Dredd and his world though are a little bit different, in that there are no resets. There are major events that shake both Dredd and his city to their core, but there’s also always huge long-term consequences afterwards. In fact, when I first read stories like The Apocalypse War and Necropolis, there was something that really appealed to me afterwards – yes, those dark, gritty, shocking, violent and epic stories were great by themselves, but I always asked myself: what happened next? How would Dredd and the citizens of Mega-City One possibly recover from something like that (especially considering that in both those epics, the body counts were incredibly high)? When I first checked those stories out as one of a few special collected editions, only published because they were the major stories when it came to Dredd, I was disappointed, to say the least. It was always clear that in all those stories, there were not only consequences for the long-term, but there was already an established history right there, and I really wanted to find out as much as I could. This need to read more stories only exacerbated when I read America (which I’ll go into more detail later), and realised that, as brilliant and perfect a story it was by itself, there was still a side to the Dredd universe that I had never seen before – the struggle between the Judges and democracy – and that there were so many great stories I was missing out on simply because, at the time, they were just too short to be printed on their own.

So thank you, thank you so much Rebellion, for coming up with the idea of collecting and re-publishing every single Judge Dredd story from the start in order. Yes, this had been done before by both DC and Marvel with a number of their key characters, but this was the first time that bumper editions had been collected for Judge Dredd. And what a brilliant idea it was too: the series has been so successful that there are now currently 23 volumes published, with each volume being more or less focused on the equivalent of one year’s work (up to volume 15, anyway, because after that point, the Megazine material needed to be included too).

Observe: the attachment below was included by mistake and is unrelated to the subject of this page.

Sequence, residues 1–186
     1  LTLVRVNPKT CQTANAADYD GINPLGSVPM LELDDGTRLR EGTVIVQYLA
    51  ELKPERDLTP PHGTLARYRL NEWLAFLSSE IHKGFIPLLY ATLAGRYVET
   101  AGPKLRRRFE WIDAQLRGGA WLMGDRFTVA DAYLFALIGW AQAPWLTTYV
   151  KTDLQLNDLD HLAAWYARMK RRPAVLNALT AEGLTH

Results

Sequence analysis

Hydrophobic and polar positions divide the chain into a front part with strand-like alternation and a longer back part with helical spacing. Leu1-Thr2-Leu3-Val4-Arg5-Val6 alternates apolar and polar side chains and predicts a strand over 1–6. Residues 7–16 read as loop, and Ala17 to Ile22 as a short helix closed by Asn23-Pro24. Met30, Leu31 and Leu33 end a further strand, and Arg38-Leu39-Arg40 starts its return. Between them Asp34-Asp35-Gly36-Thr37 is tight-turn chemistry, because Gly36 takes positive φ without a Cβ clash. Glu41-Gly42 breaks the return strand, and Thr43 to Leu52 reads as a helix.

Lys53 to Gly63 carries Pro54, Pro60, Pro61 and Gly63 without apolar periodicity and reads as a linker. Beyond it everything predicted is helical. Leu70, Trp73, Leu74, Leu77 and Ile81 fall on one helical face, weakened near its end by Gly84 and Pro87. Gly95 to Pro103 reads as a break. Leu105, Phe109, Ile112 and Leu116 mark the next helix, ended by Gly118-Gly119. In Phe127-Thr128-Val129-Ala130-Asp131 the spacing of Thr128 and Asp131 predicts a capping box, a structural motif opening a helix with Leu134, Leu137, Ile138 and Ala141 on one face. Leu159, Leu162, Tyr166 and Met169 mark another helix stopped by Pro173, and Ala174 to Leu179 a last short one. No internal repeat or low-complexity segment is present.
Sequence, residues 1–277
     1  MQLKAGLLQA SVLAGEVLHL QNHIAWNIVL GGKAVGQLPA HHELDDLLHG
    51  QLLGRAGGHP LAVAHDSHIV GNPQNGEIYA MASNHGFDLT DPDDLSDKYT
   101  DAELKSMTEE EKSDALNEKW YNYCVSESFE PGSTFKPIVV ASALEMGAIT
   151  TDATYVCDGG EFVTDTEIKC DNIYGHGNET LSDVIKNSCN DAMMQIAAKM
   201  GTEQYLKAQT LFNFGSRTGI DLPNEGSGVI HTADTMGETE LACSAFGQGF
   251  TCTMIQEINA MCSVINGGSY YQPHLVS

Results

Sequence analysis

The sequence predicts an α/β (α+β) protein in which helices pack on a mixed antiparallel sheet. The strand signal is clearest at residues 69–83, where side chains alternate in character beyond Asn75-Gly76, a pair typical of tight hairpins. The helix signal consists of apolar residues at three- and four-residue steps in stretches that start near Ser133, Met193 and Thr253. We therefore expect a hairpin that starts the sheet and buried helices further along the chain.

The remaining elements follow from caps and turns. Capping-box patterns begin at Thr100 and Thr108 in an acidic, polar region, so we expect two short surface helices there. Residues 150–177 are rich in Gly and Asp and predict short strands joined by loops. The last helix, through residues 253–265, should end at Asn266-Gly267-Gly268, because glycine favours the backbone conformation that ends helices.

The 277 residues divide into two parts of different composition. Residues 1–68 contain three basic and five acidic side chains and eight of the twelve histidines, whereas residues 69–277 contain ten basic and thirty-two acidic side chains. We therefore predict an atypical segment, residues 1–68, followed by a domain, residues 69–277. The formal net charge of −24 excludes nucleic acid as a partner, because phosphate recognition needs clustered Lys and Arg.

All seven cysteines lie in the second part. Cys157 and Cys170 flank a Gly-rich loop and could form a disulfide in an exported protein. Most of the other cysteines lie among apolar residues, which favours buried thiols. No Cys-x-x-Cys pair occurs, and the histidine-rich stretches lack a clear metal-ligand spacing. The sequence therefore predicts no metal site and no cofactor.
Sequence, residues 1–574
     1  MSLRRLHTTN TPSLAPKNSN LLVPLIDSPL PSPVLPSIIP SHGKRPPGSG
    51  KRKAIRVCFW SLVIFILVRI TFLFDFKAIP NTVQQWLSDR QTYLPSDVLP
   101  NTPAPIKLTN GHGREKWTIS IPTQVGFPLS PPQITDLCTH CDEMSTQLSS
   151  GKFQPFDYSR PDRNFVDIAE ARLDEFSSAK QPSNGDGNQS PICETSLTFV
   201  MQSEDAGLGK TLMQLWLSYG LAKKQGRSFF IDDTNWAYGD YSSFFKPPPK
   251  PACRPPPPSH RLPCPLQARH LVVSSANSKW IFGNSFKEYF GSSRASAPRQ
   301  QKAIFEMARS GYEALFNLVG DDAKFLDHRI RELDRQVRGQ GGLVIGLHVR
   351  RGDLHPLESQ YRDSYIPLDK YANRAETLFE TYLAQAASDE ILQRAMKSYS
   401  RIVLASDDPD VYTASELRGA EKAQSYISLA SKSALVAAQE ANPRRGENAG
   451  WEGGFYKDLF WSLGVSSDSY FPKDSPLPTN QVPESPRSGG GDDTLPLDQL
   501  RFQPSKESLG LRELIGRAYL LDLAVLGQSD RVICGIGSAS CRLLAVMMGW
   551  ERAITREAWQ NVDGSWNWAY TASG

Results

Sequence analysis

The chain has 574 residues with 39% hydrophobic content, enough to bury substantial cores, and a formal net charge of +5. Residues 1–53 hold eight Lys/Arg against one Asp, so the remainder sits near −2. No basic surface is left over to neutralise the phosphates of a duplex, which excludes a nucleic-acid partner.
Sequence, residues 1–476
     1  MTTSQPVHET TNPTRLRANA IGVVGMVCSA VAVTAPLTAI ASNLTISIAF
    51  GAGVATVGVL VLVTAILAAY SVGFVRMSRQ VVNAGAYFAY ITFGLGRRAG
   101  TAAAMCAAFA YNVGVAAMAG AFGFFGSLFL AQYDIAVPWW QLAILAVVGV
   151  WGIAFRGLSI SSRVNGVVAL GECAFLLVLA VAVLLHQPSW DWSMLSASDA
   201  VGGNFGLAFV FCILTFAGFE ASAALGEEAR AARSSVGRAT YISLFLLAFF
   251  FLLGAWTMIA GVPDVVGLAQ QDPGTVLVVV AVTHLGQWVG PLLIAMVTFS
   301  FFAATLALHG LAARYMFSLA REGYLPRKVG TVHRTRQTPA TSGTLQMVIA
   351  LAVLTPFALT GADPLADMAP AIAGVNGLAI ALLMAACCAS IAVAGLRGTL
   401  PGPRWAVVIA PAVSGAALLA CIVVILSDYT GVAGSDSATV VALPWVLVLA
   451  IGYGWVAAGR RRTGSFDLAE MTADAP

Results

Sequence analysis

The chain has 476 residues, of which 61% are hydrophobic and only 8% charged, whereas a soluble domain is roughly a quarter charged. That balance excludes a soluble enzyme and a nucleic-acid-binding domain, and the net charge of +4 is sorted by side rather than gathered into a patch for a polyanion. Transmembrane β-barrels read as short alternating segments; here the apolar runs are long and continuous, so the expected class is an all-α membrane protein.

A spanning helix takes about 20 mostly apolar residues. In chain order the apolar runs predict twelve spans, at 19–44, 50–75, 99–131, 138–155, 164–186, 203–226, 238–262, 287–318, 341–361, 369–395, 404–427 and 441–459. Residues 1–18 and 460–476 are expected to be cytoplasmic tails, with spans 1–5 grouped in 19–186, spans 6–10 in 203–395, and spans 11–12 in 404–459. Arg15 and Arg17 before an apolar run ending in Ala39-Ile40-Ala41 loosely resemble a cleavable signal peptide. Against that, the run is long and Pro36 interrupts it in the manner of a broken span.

So why has this series been so successful, and why is it important to my original point? Because a key part of its success, I think, is due to the fact that the writers have genuinely rewarded long-term readers with a rich and full history of Mega-City One that constantly develops. There are always consequences, not just to major disasters, but to major decisions taken by Dredd, too. Key storylines sometimes take years to pay off (notable examples include a prophecy of Mega-City One that Dredd has to stop that’s only truly resolved four years later, and Dredd’s disillusionment of the system that begins in Oz and is eventually resolved three years later in Necropolis). In the world of Judge Dredd, there are no resets. No do-overs. This really helps sell to us that Mega-City One really does have its own sense of history, a history that’s still ongoing. One more thing that helps sell that, though?

3. Both MC-One and Dredd age in real-time

Perhaps rather ironically, considering the future setting and how a number of stories could be told in perhaps even one year of that setting, both Mega-City One and our title character have aged in real time, meaning that for every year that passes in our world, a year passes in Dredd’s, as well. So unlike a lot of comic book protagonists, Dredd really isn’t as young as he was more than thirty-five years ago.

Perhaps even more ironically, Dredd didn’t exactly start out as a fresh cadet when the comic started, having already been on the streets for over a decade and already in his mid thirties. Even as relatively as early as more than ten years into the comic, fears and doubts that Dredd might be getting too old for the job was a common theme, and one that regularly crops up every once in a while, especially now that Dredd is approaching his seventies. He may still be the best damn Judge on the streets, but that won’t last forever.